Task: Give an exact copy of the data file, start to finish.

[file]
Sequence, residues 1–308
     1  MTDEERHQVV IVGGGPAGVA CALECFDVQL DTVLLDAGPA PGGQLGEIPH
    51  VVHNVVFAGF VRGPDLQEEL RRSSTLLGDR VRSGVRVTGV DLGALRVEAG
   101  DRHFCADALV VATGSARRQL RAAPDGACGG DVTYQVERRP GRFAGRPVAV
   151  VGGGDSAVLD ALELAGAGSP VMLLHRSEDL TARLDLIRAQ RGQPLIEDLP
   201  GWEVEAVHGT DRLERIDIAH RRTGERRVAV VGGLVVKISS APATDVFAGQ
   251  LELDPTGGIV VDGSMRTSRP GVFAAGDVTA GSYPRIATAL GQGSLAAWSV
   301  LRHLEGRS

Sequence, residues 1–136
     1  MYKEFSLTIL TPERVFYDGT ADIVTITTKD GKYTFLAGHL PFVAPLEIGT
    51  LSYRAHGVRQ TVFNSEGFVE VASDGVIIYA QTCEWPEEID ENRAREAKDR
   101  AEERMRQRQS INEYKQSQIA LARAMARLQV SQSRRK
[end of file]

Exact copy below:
Sequence, residues 1–308
     1  MTDEERHQVV IVGGGPAGVA CALECFDVQL DTVLLDAGPA PGGQLGEIPH
    51  VVHNVVFAGF VRGPDLQEEL RRSSTLLGDR VRSGVRVTGV DLGALRVEAG
   101  DRHFCADALV VATGSARRQL RAAPDGACGG DVTYQVERRP GRFAGRPVAV
   151  VGGGDSAVLD ALELAGAGSP VMLLHRSEDL TARLDLIRAQ RGQPLIEDLP
   201  GWEVEAVHGT DRLERIDIAH RRTGERRVAV VGGLVVKISS APATDVFAGQ
   251  LELDPTGGIV VDGSMRTSRP GVFAAGDVTA GSYPRIATAL GQGSLAAWSV
   301  LRHLEGRS

Sequence, residues 1–136
     1  MYKEFSLTIL TPERVFYDGT ADIVTITTKD GKYTFLAGHL PFVAPLEIGT
    51  LSYRAHGVRQ TVFNSEGFVE VASDGVIIYA QTCEWPEEID ENRAREAKDR
   101  AEERMRQRQS INEYKQSQIA LARAMARLQV SQSRRK